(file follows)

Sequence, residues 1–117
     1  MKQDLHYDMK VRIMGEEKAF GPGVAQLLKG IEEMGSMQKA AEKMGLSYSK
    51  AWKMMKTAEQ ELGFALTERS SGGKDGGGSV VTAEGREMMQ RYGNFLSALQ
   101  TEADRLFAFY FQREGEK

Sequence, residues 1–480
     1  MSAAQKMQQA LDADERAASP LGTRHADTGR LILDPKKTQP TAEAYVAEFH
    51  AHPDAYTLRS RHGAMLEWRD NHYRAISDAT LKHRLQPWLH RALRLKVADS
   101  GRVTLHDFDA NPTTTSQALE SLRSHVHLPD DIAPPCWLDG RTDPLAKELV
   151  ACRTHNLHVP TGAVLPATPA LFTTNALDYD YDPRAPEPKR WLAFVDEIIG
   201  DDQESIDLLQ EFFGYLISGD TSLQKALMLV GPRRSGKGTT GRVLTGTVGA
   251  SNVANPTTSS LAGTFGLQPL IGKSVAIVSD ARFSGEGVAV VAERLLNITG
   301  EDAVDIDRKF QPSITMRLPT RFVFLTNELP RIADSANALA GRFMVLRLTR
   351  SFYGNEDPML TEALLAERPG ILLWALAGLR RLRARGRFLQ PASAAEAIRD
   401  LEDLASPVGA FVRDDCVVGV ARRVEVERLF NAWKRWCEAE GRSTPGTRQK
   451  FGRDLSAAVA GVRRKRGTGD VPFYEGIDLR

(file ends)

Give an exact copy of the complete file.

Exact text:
Sequence, residues 1–117
     1  MKQDLHYDMK VRIMGEEKAF GPGVAQLLKG IEEMGSMQKA AEKMGLSYSK
    51  AWKMMKTAEQ ELGFALTERS SGGKDGGGSV VTAEGREMMQ RYGNFLSALQ
   101  TEADRLFAFY FQREGEK

Sequence, residues 1–480
     1  MSAAQKMQQA LDADERAASP LGTRHADTGR LILDPKKTQP TAEAYVAEFH
    51  AHPDAYTLRS RHGAMLEWRD NHYRAISDAT LKHRLQPWLH RALRLKVADS
   101  GRVTLHDFDA NPTTTSQALE SLRSHVHLPD DIAPPCWLDG RTDPLAKELV
   151  ACRTHNLHVP TGAVLPATPA LFTTNALDYD YDPRAPEPKR WLAFVDEIIG
   201  DDQESIDLLQ EFFGYLISGD TSLQKALMLV GPRRSGKGTT GRVLTGTVGA
   251  SNVANPTTSS LAGTFGLQPL IGKSVAIVSD ARFSGEGVAV VAERLLNITG
   301  EDAVDIDRKF QPSITMRLPT RFVFLTNELP RIADSANALA GRFMVLRLTR
   351  SFYGNEDPML TEALLAERPG ILLWALAGLR RLRARGRFLQ PASAAEAIRD
   401  LEDLASPVGA FVRDDCVVGV ARRVEVERLF NAWKRWCEAE GRSTPGTRQK
   451  FGRDLSAAVA GVRRKRGTGD VPFYEGIDLR